Kasha-Katuwe is a Keresan phrase meaning “white cliffs”, Keres being the traditional language of the pueblo tribes of northern New Mexico. The cone shaped tent rocks were formed by volcanic eruptions that occurred 6-7 million years ago and left pumice, ash and tuff deposits over 1,000 feet thick. Over time, weathering and erosion of these layers created canyons and the unique rock formations which vary in height from several feet up to 90 feet.

The trail took us through some tight slots in the canyon.

Our All Trails app indicated that Cave Loop and Slot Canyon Trail would be about 3.1 miles, but in the end we tracked just over 4 miles so we must have strayed off the trail at some point. Overall the hike had minimal elevation, beautiful pinyon pines dotting the landscape, canyon walls rising up above on both sides, leading through the slot canyon and the climb to the mesa top.

Luckily we hiked on a weekday and missed the weekend crowds, so had time to reward ourselves with a stop at La Cumbre one of our favorite Albuquerque breweries.

Identity Protection

Unfortunately recent news has identity theft at the top of all of our minds, again. We have researched a bit more on the topic and have the following suggestionsCheck your credit report at least 3 times a year at annualcreditreport.com.

  1. Consider signing up for a credit monitoring service. The service should monitor all three credit bureaus, should notify you immediately of anything suspicious. The cost should be between $10-25 a month depending on the coverage you would like. We found this article to be helpful in deciding which service to use. https://www.thesimpledollar.com/best-credit-monitoring-service/
  2. Consider placing a freeze on your credit, this will require anyone who is trying to open accounts in your name (yourself included) to have your PIN or password to allow access. This costs between $5-10 and needs to be done with each credit agency. More information on this can be found here https://www.consumer.ftc.gov/articles/0497-credit-freeze-faqs#what
  3. Shred everything and consider using a ‘Security Micro Cut Shredder.’
  4. Use your credit card and not your debit card whenever you can. By federal statute, you have no liability if someone makes fraudulent charges on your credit card.
  5. Check your bank and credit card statements each month for any illegitimate charges.
  6. Be careful who you do business with online and have at least two passwords –one for banking/investments and another for shopping. This will keep your banking and investments passwords safer if there is another retail breach. It is important to change your passwords frequently.
  7. Activate 2-factor authentication on accounts that will send you a text when you log in on an unauthorized device.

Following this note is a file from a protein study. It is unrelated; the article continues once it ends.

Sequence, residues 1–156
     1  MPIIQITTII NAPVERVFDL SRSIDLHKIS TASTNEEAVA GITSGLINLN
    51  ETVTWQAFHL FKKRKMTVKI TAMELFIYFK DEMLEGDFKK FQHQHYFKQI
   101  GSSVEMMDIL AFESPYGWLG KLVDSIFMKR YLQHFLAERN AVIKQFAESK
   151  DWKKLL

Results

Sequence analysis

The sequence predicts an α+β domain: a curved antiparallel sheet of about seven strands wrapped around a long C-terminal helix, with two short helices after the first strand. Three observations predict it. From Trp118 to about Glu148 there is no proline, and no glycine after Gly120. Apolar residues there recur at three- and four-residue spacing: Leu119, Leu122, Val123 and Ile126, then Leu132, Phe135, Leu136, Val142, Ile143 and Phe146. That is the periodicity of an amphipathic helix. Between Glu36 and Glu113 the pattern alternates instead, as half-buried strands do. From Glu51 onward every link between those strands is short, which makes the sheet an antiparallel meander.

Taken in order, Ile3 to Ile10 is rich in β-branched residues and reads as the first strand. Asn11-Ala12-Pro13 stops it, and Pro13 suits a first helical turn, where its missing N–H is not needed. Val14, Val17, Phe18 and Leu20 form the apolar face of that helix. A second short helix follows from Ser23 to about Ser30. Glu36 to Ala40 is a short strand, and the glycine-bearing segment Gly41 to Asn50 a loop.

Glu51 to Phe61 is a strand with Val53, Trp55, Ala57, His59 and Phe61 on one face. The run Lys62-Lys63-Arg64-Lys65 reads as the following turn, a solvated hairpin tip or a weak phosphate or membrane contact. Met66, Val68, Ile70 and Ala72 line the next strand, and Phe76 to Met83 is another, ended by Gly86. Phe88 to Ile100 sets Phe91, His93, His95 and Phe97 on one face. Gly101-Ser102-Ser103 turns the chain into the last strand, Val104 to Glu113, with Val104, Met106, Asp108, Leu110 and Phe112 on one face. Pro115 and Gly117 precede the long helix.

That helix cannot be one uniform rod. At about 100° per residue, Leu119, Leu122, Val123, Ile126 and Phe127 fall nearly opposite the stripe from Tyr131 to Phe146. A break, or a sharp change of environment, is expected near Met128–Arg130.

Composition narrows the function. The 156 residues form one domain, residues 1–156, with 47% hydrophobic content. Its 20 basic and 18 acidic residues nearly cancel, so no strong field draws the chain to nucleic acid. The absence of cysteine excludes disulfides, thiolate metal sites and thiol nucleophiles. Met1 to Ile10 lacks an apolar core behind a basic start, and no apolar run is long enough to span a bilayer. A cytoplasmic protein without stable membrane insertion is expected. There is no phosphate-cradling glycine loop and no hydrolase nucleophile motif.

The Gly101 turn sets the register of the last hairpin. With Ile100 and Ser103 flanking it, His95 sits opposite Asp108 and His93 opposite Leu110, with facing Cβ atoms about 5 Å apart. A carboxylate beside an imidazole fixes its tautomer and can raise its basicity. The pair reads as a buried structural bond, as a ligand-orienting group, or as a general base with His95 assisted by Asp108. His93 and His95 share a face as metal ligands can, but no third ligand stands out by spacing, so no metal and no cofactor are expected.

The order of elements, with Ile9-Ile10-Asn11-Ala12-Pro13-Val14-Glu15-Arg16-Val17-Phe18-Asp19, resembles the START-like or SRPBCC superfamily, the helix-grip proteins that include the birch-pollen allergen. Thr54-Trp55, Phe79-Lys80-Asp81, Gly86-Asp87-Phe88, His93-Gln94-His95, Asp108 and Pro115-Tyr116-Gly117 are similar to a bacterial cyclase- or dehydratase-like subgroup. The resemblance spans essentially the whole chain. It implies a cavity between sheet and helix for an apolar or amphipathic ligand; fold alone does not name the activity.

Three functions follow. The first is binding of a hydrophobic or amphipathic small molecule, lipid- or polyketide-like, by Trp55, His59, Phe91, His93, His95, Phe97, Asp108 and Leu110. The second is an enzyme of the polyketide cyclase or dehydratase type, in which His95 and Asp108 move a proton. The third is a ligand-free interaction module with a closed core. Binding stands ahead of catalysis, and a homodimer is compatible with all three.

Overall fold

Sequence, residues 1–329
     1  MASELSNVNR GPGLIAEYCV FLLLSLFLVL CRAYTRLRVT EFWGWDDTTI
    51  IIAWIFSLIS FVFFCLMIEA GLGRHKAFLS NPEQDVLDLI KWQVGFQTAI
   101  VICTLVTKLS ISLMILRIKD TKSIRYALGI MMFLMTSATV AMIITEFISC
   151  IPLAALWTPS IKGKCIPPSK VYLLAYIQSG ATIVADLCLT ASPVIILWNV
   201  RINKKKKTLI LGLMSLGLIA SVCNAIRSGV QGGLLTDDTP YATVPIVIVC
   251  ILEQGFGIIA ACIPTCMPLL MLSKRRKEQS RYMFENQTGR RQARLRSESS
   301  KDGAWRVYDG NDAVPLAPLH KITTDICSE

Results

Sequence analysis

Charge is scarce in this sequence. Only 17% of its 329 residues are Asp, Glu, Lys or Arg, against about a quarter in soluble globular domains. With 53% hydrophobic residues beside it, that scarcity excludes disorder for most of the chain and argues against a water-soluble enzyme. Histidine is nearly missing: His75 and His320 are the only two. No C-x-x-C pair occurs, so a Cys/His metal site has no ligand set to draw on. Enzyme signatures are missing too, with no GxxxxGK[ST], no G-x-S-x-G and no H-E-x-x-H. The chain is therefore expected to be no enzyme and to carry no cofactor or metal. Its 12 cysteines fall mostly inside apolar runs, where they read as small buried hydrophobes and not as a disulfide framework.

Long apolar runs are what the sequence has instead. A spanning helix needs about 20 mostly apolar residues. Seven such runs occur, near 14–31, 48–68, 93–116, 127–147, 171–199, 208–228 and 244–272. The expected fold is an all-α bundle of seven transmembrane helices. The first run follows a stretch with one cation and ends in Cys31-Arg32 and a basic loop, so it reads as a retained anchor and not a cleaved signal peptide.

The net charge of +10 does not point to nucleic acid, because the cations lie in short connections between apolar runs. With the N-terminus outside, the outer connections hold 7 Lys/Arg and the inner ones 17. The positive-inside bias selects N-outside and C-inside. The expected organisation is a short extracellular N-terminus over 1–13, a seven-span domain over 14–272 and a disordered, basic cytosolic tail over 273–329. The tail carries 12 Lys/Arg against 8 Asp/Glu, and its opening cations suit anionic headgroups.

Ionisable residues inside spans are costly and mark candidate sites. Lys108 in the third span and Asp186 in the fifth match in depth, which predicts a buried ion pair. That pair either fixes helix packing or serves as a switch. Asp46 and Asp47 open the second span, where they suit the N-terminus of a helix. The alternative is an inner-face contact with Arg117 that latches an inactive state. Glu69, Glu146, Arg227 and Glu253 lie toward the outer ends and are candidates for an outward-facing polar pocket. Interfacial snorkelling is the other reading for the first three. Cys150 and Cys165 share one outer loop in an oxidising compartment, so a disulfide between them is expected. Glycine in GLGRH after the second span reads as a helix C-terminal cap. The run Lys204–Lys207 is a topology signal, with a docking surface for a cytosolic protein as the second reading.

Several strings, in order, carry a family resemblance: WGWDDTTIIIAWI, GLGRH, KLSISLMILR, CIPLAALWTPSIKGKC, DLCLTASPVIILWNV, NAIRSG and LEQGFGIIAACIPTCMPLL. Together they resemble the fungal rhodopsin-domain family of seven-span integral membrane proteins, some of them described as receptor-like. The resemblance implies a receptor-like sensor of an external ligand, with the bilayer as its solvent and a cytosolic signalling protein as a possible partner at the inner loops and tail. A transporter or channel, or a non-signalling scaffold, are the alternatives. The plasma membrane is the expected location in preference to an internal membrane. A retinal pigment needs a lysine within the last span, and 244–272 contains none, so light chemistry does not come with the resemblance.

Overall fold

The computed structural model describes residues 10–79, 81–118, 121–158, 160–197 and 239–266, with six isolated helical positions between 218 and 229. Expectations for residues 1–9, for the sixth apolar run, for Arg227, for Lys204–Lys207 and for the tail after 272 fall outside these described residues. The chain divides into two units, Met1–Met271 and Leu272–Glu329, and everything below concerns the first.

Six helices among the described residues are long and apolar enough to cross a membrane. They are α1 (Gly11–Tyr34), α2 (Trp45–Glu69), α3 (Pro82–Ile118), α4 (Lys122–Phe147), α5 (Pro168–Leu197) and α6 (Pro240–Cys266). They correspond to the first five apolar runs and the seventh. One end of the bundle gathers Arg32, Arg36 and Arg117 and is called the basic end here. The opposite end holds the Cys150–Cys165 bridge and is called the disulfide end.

A little investment of time and vigilance over your financial affairs can reap great returns by saving you money and significant headaches.

Please contact us with questions or concerns!

Weekend at Vermejo Ranch

Earlier this summer we were invited by friends to join them at one of Ted Turner’s ranches for a long weekend. Vermejo Ranch is comprised of 585,000 acres in northeast New Mexico with part of the ranch overlapping into the Sangre de Christo mountains of southern Colorado.  I had heard of Ted Turner before arriving but was unfamiliar with his interesting philosophical mix of conservation versus economic development in his ranches.

Vermejo Park is a working ranch with a large (2,000+) bison population (birthplace of CU’s mascot Ralphie V) as well as a guest ranch destination for fishing and sport shooting. Natural gas is still produced on the ranch with strict environmental controls and at one time coal was also mined.  The ranch is also actively participating with the US Fish and Wildlife Service in attempts to establish a population of the endangered black footed ferrets on the ranch prairie lands and they are also working to conserve the Rio Grande cutthroat trout which is currently only found in 10% of its former range.

AND in spite of all the economic and conservation activity going on around us we managed to have a great time. We fly fished, rode horses, sat on the porch drinking wine, etc.  I shot a gun for the first time ever with laughable results.  I did finally manage to hit a large box that was lying very still on the ground not too far from me.  I also managed to wound a fake, styrofoam elk with a bow and arrow.  A real elk would never have let me get as close as I had to get to actually hit the fake elk and, in fact, I have no interest in actually hitting a real elk but maybe next time I’ll take a step or two back and see if I can still hit the fake one.

 

Hikes We Like

by Annika Spetnagel  – Harbor Intern

Having worked at an athletic club and as a nanny the two previous summers, my summer internship at Harbor marked my first “real job”. This summer has been a fantastic learning experience and I’ve really enjoyed my time here at Harbor, but the one thing I missed from previous summer jobs was the ability to spend the day outside enjoying my favorite season’s weather. Luckily, spending the day inside motivated me to really take advantage of the weekends and opt outside.